When classifying workers as employees or independent contractors, there are a few things to consider, including the different tests that apply under different federal and state employment laws, and potential penalties and other liabilities for misclassifying employees as independent contractors. Certain state laws apply tests that are more stringent than the guidance provided by federal agencies, such as the IRS and Department of Labor, to apply in conjunction with federal laws.
You can read our general Help Center article on contractors, and view information on how to determine if someone is a contractor or employee in Illinois in the relevant section at the link below.
Illinois Department of Employment Security: Employee v. Contractor Guidelines
Illinois has minimum wage requirements in excess of the federal minimum wage. Employers can find the most up-to-date state minimum wage requirements on the Illinois Department of Labor website.
The localities in Illinois, listed below, have a higher minimum wage than at the state level. Where both laws apply to an employee based on worksite, the law that favors the employee should be followed. Minimum wages in these localities are always changing, and this list is always growing. The very best way to ensure compliance with all applicable laws is to consult with legal counsel.
Meal and Rest Breaks
The One Day Rest in Seven Act guarantees Illinois employees a minimum of twenty four (24) hours of rest in each calendar week. Subject to limited exceptions, the law also requires that employees who work at least 7.5 hours per day must be given a 20-minute break meal break, which must begin no later than 5 hours after the start of work. Please note that there are additional break requirements for minors under the age of 16.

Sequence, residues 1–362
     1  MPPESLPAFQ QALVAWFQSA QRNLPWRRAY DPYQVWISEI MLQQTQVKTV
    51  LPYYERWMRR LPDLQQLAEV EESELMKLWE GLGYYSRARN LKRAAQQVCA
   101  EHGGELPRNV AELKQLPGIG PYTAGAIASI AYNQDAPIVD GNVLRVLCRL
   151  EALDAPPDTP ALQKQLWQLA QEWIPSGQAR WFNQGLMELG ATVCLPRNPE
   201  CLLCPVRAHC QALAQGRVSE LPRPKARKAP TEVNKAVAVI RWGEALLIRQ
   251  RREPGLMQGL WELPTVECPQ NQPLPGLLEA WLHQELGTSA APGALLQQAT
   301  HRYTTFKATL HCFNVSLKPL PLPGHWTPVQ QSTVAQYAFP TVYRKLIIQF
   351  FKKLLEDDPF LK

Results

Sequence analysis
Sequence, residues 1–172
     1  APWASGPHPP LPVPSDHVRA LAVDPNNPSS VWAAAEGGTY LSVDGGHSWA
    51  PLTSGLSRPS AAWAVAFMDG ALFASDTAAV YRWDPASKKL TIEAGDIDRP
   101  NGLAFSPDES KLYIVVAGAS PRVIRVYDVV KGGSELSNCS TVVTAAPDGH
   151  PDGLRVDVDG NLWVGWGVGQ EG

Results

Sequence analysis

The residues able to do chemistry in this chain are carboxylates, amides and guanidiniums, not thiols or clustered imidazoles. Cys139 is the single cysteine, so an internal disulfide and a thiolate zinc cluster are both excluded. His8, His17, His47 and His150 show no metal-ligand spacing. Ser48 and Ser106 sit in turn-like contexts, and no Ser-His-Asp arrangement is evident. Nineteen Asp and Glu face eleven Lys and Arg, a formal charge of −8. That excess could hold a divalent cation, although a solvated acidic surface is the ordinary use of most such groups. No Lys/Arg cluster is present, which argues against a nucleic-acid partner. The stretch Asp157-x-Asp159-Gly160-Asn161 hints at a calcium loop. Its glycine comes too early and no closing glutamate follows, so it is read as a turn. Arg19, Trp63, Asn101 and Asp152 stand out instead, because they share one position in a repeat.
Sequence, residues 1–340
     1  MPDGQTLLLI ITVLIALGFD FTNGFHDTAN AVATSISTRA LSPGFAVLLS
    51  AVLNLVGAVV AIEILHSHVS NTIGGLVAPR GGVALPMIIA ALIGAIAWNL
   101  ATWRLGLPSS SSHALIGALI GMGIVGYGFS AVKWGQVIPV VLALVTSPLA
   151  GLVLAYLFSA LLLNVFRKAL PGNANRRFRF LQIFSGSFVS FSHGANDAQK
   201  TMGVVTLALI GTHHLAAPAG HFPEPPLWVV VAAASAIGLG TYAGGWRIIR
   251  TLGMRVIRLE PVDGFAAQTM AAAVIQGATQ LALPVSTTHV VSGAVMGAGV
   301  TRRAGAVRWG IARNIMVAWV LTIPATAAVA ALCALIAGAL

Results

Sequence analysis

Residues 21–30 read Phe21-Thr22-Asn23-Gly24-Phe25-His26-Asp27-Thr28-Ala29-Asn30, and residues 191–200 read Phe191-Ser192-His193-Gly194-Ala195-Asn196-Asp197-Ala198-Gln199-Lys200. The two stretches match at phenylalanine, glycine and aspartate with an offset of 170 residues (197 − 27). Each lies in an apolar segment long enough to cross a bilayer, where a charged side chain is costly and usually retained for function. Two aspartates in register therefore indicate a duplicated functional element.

Illinois DOL: One Day Rest In Seven Act
Paid Sick Leave
Illinois does not presently have a statewide paid sick leave law applicable to private employers. However, under the statewide Employee Sick Leave Act, employers who already provide paid sick leave through an existing company policy are required to allow employees to use a portion of available sick leave for absences due to the illness, injury, or medical appointment of certain relatives.
Additionally, two localities — Chicago and Cook County — have paid sick leave laws that are currently in effect for private employers.
City of Chicago Paid Sick Leave Ordinance
Cook County Earned Sick Leave Ordinance
COVID-19 Vaccine-related Leave
The City of Chicago enacted an ordinance that prohibits employers from both retaliating against workers who receive the COVID-19 vaccine during work hours and requiring that workers receive the vaccine only during non-work hours. The ordinance defines “worker” as any individual who performs work for the employer, including independent contractors.